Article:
WASS: Lecture 1.

Enrico ROGORA

Version 0.2, 21th August 2003

Consider a cube and enumerate its vertices {1,2,3,4,5,6,7,8}

(Front face, clockwise, starting upper left, 1,2,3,4;

Back face, clockwise, starting upper left, {5,6,7,8} .

We consider the set of orthogonal tranformations about its center.

To each of them we can associate a permutation of the set of vertices.

For example

rx: a 90 degree clockwise rotation about

the axes from the front face to the back face through its center

can be described by the permutation (1,2,3,4)(5,6,7,8)

ry: a 90 degree clockwise rotation about

the axes from the left face to the right face through its center

can be described by the permutation (1,4,8,5)(2,3,7,6)

rz: a 90 degree clockwise rotation about

the axes from the upper face to the lower face through its center

can be described by the permutation (1,5,6,2)(4,8,7,3)

Define the three permutations with GAP

gap> rx:=(1,2,3,4)(5,6,7,8);

gap> ry:=(1,4,8,5)(2,3,7,6);

gap> rz:=(1,5,6,2)(4,8,7,3);

We first consider the groups generated by the three rotations

gap> Gx:=Group(rx);

gap> Gy:=Group(ry);

gap> Gz:=Group(rz);

Of course these are three cyclic groups

gap> IsCyclic(Gx);

Hence abelian

gap> IsAbelian(Gx);

How many elements does Gx have?

gap> Size(Gx);

This is the same as the order of its generator

gap> Order(rx);

We can take the union of these three groups and the group generated by

rx, ry, rz.

gap> GG:=Union(Gx,Gy,Gz);

gap> G:=Group(rx,ry,rz);

G is strictly bigger than GG. In fact the latter

contains only element which are power of generators

but not elements like rx*ry as we can check with the

following commands

gap> rx*ry in GG;

gap> rx*ry in GG;

We now address ourselves the following problem.

Given an element of G how can we explicitely express it as a word in

the generators of G?

First, to look at all elements of G, we can use

gap> ele:=Elements(G);

This returns a list. To extract its eighth, say,

just do

gap> e:=ele[8];

If we want to express this element, say, as a word in the given generators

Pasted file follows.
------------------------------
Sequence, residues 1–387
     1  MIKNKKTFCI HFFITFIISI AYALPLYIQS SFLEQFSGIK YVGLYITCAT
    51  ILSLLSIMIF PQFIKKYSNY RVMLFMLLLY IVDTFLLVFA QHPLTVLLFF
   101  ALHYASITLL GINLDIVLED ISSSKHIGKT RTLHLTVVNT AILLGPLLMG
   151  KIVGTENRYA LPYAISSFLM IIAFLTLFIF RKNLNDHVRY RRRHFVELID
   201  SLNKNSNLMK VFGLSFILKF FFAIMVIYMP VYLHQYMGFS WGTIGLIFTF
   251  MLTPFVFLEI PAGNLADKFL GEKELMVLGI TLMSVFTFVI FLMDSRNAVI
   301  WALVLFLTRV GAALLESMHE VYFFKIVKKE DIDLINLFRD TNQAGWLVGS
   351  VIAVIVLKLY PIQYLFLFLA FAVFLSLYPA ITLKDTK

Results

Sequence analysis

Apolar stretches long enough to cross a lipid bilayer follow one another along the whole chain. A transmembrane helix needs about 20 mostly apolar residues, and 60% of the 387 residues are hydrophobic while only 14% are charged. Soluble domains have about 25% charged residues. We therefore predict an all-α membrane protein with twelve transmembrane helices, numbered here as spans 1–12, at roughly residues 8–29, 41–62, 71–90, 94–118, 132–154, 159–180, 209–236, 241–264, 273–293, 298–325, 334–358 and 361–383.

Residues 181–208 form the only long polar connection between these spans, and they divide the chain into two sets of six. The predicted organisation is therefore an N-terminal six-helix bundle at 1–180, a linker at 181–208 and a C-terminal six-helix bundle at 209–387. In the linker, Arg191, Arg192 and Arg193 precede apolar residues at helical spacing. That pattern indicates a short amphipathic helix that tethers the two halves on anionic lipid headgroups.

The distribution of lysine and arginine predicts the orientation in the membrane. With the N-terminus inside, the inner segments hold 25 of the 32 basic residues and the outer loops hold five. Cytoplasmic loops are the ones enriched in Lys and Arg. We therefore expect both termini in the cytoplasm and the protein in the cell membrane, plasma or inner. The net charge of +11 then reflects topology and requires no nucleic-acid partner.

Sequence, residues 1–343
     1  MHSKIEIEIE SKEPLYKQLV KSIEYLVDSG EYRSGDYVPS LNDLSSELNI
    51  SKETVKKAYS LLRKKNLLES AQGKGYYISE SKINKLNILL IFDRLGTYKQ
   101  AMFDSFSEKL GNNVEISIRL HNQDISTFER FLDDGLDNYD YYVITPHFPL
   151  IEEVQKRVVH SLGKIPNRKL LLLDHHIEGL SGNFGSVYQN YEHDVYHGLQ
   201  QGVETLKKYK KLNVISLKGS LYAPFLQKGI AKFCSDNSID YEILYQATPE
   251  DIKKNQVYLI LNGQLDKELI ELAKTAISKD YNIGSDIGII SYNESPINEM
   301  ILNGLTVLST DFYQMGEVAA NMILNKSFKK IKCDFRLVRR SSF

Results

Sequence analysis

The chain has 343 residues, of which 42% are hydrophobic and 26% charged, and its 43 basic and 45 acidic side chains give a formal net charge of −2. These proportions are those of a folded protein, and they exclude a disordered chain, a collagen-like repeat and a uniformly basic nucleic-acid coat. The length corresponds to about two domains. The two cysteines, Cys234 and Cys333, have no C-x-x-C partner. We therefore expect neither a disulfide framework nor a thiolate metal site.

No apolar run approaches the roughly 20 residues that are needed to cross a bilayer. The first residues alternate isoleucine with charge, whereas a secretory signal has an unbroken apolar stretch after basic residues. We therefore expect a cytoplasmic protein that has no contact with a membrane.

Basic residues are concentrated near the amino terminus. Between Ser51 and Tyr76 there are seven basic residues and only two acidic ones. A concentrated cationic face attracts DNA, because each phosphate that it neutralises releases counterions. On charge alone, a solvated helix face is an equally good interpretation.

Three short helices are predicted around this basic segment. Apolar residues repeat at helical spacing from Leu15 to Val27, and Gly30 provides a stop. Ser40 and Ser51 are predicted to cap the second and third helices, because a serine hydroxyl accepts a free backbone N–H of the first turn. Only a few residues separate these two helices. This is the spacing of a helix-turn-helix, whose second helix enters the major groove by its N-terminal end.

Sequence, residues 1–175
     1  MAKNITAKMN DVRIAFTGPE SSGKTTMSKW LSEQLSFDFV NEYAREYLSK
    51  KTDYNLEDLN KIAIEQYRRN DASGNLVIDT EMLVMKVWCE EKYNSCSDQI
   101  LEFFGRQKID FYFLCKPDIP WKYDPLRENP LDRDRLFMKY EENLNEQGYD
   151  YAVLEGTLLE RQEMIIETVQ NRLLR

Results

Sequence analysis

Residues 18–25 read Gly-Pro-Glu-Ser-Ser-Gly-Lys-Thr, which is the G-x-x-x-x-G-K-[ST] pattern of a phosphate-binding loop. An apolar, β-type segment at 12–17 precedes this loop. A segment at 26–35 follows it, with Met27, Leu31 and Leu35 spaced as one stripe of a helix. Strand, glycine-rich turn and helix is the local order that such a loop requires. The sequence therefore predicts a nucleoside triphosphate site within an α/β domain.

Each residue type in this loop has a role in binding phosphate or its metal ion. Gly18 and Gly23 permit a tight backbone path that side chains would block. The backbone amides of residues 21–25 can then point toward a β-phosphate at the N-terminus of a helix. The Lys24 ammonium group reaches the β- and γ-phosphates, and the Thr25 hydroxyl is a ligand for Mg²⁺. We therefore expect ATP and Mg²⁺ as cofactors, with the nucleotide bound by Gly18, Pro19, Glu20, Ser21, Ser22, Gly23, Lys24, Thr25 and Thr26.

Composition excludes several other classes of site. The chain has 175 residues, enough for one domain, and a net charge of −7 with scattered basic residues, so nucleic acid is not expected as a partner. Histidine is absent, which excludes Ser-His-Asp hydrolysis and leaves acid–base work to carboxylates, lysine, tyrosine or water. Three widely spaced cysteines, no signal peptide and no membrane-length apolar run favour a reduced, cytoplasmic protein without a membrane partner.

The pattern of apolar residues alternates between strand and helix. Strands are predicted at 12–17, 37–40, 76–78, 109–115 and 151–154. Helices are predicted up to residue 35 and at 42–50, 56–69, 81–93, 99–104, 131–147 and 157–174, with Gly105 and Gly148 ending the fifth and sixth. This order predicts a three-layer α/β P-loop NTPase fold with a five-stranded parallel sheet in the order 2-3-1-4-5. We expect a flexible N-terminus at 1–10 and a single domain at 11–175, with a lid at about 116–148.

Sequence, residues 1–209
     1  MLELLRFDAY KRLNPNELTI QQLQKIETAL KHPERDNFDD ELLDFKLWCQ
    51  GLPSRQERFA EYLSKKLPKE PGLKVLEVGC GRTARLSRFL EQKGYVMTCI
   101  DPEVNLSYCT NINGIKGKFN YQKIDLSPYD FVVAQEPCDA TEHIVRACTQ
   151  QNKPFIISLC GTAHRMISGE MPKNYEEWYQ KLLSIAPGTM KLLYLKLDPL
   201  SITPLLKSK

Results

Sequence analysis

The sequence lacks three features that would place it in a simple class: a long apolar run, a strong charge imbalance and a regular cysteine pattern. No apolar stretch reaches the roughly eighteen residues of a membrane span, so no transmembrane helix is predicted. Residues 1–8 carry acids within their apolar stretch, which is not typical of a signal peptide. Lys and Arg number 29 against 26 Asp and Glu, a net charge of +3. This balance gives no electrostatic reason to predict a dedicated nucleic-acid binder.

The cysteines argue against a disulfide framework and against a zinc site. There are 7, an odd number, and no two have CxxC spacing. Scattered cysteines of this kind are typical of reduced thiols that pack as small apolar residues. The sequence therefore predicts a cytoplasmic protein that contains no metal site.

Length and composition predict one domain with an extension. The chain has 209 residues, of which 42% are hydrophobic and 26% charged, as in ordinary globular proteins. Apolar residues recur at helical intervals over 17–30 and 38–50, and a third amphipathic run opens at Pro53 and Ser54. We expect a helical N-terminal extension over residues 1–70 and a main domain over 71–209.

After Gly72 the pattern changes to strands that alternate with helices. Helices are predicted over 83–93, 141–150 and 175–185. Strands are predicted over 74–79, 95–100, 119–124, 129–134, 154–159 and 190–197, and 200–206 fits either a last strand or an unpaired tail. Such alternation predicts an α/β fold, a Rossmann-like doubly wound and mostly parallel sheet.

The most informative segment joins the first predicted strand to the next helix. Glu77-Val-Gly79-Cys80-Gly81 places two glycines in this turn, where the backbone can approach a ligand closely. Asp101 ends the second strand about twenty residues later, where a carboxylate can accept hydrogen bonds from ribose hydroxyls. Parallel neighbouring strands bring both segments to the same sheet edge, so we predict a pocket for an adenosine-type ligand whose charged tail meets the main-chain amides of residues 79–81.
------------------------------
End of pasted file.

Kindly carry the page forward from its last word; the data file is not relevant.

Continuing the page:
we can first build the free group on three letters

gap> F:=FreeGroup("x","y","z");

Then we define the homomorphism which sends the generators of F

into the generators of G

gap> hom:=GroupHomomorphismByImagesNC(F,G,GeneratorsOfGroup(F),GeneratorsOfGroup(G));

and find an element of F which is sent to it by the

morphism hom

gap> q:=PreImagesRepresentative(hom, e);

The last step is simply to translate

x into rx, y into ry and z into rz in

this last element q and we get a representation (of course not unique)

of e as aword in the generators. For example, if

q=x*y, then p=rx*ry.

gap> (1,5)(2,6)(3,7)(4,8) in G;

gap> Size(Group(rx,ry,rz,(1,5)(2,6)(3,7)(4,8)));

It is not hard to prove that G exausts all the simmetries of the cube which

are rotations. There are also reflections. If we want add them all it is sufficient

to add one to the generators, for example (1,5)(2,6)(3,7)(4,8)

What we have done so far is to "represent" the group

of rotation of the cube as a group of permutations, i.e. a

subgroup of the symmetric group with eight elements.

It is possible to choose a different representation of

this same group as a group of simmetries in less elements.

It is enough, for example to consider the action induced over

the 6 faces of the cube, which we can enumerate like this.

Front 1

Back 6

Right 3

Left 4

Bottom 5

Upper 2

In terms of this new representation we get,

gap> Rx:=(2,3,5,4);

gap> Ry:=(1,2,6,5);

gap> Rz:=(1,3,6,4);

The group generated by these element is now a subgroup of the group

of simmetries over six elements.

gap> G2:=Group(Rx,Ry,Rz);

For checking with gap that the two groups are indeed isomorphic

we first build an homomorphism betwwen them that sends the generators

rx, ry, rz into Rx, Ry, Rz

and then we check that is isomorphism is injective and surjective.

This is done with the following commanda

gap> hom:=GroupHomomorphismByImagesNC(G,G2,GeneratorsOfGroup(G),GeneratorsOfGroup(G2));

gap> Kernel(hom);

gap> Image(hom);

The Kernel is only the identity and the image coincides with G2